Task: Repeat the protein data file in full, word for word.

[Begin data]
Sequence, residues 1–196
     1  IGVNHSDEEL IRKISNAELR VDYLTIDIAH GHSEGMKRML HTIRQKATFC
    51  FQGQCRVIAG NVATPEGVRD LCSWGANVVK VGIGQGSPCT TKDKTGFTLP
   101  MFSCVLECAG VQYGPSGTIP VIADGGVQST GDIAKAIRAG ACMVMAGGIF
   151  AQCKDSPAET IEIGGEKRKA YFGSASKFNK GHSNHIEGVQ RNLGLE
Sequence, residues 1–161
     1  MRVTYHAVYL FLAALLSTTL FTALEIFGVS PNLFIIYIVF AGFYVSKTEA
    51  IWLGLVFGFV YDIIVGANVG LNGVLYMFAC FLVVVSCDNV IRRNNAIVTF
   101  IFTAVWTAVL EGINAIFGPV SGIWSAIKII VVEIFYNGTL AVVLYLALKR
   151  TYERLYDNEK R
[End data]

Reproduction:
Sequence, residues 1–196
     1  IGVNHSDEEL IRKISNAELR VDYLTIDIAH GHSEGMKRML HTIRQKATFC
    51  FQGQCRVIAG NVATPEGVRD LCSWGANVVK VGIGQGSPCT TKDKTGFTLP
   101  MFSCVLECAG VQYGPSGTIP VIADGGVQST GDIAKAIRAG ACMVMAGGIF
   151  AQCKDSPAET IEIGGEKRKA YFGSASKFNK GHSNHIEGVQ RNLGLE
Sequence, residues 1–161
     1  MRVTYHAVYL FLAALLSTTL FTALEIFGVS PNLFIIYIVF AGFYVSKTEA
    51  IWLGLVFGFV YDIIVGANVG LNGVLYMFAC FLVVVSCDNV IRRNNAIVTF
   101  IFTAVWTAVL EGINAIFGPV SGIWSAIKII VVEIFYNGTL AVVLYLALKR
   151  TYERLYDNEK R